Right now we are working towards increasing vocabulary and improving vocabulary comprehension. These activities are all variations of the same concept using different formats. Students must find similarities and differences between words in a list.
On the SMART Board
There are several tools you can use including:
Word Sort (with headings of Same and Different) This would require one page per set of words, but as a presenter once told me, “Pages are free” so it really doesn’t matter if you use 100 pages.
The multiple choice activity works also. You can do up to 10 questions per page.
The easiest? I just make lists/groups of words and cover them with the disappearing box. A student reveals a set and then they all use their dry erase boards to write their answers. I let them work in groups for this so they can have some discussion about the meaning of the words.
- “Clickers” – I wrote a grant for Senteo Interactive Response System a few years ago and using these hand-held devices is the closest I can get to BYOT in my Resource Room this year. The students love using clickers and I am collecting ideas on how to use them to share in a future post.
Old School Method
Using index cards, I made a set of cards for each of my round tables. Three cards were similar. One didn’t match up. Students rotated to each table in pairs and had to discuss and write down the words that did not belong. This activity keeps them moving and lets them interact and discuss ideas with classmates.
The title of this post made me think of Sesame Street and a popular segment. Who remembers this?
Teaching plot with the plot diagram and sequencing events are two activities we’ve focused on a lot lately.
I was amazed how the activities surrounding one short story came together. We did these activities over the course of four days as part of our reading instruction for the week.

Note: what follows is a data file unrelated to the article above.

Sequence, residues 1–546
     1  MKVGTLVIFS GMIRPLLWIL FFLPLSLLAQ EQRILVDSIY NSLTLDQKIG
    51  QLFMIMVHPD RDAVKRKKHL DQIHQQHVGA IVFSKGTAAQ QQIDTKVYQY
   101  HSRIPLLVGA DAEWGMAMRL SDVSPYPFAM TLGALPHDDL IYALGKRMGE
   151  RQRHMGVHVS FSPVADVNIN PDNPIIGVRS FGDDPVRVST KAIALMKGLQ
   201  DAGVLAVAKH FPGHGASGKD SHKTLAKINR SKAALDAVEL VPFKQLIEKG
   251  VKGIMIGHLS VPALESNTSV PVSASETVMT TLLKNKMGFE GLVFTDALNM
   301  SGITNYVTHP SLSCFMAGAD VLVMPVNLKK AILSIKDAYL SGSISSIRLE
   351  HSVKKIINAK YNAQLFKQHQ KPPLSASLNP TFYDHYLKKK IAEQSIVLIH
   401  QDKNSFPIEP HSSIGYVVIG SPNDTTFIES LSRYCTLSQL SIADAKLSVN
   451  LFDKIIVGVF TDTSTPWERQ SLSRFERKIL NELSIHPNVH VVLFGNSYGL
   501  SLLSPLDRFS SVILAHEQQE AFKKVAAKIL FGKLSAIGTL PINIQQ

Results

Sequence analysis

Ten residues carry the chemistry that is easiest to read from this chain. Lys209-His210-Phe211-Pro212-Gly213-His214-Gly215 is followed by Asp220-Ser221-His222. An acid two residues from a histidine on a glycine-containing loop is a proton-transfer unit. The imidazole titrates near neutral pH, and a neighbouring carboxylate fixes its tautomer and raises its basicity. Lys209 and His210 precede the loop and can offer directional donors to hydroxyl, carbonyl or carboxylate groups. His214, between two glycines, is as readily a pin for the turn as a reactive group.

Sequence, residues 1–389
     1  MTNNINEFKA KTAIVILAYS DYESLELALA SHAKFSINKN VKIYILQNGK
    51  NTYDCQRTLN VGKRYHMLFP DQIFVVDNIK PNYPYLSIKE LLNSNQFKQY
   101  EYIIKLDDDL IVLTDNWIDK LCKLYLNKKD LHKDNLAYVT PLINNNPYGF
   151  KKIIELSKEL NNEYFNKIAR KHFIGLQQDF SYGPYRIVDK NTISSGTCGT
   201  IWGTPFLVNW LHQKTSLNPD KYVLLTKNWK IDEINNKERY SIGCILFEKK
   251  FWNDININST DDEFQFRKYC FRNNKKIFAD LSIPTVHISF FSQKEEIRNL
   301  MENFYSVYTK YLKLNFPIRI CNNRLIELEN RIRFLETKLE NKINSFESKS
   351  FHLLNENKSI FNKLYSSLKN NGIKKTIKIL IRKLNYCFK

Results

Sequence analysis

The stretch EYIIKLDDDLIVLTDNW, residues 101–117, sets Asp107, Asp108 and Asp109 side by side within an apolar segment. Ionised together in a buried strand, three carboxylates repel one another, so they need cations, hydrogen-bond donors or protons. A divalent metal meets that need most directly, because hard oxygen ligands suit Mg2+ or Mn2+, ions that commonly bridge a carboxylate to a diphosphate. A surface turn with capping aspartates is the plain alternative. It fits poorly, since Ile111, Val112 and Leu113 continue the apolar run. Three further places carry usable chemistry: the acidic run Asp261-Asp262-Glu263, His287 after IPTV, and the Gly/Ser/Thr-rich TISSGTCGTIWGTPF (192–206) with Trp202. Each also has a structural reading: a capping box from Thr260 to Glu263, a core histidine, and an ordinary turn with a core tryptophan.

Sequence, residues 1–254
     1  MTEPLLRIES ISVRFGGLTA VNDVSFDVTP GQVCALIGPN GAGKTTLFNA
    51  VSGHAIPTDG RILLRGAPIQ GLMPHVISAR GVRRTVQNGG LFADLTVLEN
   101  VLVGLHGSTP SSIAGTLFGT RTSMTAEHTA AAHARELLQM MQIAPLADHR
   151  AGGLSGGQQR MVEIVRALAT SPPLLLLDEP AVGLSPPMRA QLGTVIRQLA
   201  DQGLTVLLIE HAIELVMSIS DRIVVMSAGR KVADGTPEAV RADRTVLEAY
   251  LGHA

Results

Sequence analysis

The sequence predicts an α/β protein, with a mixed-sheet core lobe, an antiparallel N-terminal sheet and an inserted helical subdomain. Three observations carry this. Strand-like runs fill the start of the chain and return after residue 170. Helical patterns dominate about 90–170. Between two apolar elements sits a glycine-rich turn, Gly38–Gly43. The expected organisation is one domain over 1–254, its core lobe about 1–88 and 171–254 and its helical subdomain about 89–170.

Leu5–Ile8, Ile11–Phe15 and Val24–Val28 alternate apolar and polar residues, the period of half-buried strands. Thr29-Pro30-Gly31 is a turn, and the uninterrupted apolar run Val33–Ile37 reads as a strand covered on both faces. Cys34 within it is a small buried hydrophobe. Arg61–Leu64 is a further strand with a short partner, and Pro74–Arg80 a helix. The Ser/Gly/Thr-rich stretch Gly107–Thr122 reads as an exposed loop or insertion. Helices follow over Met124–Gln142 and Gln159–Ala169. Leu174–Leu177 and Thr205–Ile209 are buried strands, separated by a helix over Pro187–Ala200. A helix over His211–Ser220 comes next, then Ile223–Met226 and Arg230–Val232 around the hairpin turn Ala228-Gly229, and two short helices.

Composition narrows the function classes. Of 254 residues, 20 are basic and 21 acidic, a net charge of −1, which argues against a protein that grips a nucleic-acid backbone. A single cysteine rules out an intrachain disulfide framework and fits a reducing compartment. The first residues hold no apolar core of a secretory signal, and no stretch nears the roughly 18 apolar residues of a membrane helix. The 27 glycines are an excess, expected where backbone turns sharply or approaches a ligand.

First we read “The Green Ribbon” in our literature book.
Then we watched the video:
As I was watching the video on my iPad I got the genius idea to do screen shots of different part of story for sequencing purposes. (I am becoming a huge fan of the iPhone/iPad screen shot and have probably a dozen ways it makes my life easier.)
I went into SMART Notebook and used the Hot Spots tool to create two different but related activities surrounding plot.
First, students had to place the labels for a plot diagram in the appropriate place.
Next, students had to place the events of the story in the appropriate place on the plot diagram.
I also used SMART Notebook’s Image Arrange tool and the screen shot images of the video so students could sequence the major events.
I wasn’t so sure about this last-but-not-least activity, but I am glad I gave it a try. It incorporated sequencing, summarizing, sentence writing, and speaking & listening.
To prepare, I had Tweedle Dee draw 8 different pictures in cells like a comic strip (in random order). I asked her to keep the drawings simple and to reflect the main events of the story. Since she loves to draw and most of my students hate it, this was a win-win situation.
In class, I gave a copy of the mixed-up comic strips to each student. They had to cut, sequence, and paste the cells in order. They then had to retell the story in their own words under each cell.
I encouraged them to use their books for vocabulary and spelling. I thought this might be too juvenile or easy for my students but it was definitely challenging. Everyone’s story was slightly different in terms of wording. In fact, they did a little 4-3-2-1 sharing right before our comprehension quiz.
Here is one of the finished comic strips from my class: